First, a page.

Petition Closed

We need your help to stop the abuse of animals by the University of Washington. The Physicians Committee for Responsible Medicine has filed a complaint with the U.S. Department of Agriculture, explaining that the school is violating the federal Animal Welfare Act by using live ferrets in its pediatrics residency program. Please help this effort by asking the University of Washington to ends its use of ferrets for pediatrics residency training today.

In the pediatrics residency program at the University of Washington (UW), breathing tubes are pushed down the throats of live ferrets to teach endotracheal intubation. This painful procedure is repeated numerous times on each animal and can cause tracheal bruising and bleeding. Nonanimal training methods exist, making this use of animals not only cruel but completely unnecessary.

So far, the responsible UW faculty and administrators have ignored pleas to change this practice. Please sign our peitition and urge the school to end this cruel and unnecessary practice.

Medical simulators such as Gaumard’s Premie HAL and Laerdal’s SimNewB, which was developed in partnership with the American Academy of Pediatrics, accurately replicate the airway of a premature newborn and average newborn, respectively. Both of these simulators are superior training tools for endotracheal intubation compared with the use of live animals.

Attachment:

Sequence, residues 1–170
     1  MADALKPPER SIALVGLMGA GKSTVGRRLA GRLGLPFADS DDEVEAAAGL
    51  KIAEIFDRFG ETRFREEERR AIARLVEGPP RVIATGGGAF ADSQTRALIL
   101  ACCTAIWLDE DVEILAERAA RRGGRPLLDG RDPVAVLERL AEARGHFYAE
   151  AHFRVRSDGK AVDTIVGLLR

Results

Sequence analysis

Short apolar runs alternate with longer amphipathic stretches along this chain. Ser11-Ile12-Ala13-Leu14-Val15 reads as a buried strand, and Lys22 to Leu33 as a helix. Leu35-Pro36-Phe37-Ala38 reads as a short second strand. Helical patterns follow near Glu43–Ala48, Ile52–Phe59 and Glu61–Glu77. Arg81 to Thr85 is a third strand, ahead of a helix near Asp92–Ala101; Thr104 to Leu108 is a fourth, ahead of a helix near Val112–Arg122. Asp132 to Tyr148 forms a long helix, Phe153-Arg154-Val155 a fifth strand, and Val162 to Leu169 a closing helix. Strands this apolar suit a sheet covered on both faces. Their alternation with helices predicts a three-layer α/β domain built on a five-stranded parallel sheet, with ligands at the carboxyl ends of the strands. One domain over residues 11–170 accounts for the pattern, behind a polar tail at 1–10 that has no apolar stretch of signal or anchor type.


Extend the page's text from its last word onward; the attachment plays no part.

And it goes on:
More than 85 percent of pediatrics residency programs in the United States do not use animals. It is time for UW to join the majority. Please tell UW today to replace the use of animals in its pediatrics residency program.

You can read our complaint (PDF) to the U.S. Department of Agriculture here.

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Letter to
Dean, University of Washington School of Medicine Paul G. Ramsey, M.D.
President, University of Washington Michael Young
I am writing to ask that you immediately end the use of ferrets in the University of Washington (UW) pediatrics residency program. The use of live animals for this purpose is cruel and outdated. More than 85 percent of pediatrics residency programs in the United States use nonanimal methods for this type of training. UW already has a state-of-the-art simulation center that can easily provide nonanimal training methods, so there is no justification for the continued use of live ferrets. Further, despite claims to the contrary, medical simulators--such as the Premie HAL from Gaumard--that can replicate the airway of a premature newborn do exist. Please end this cruel and unnecessary practice immediately.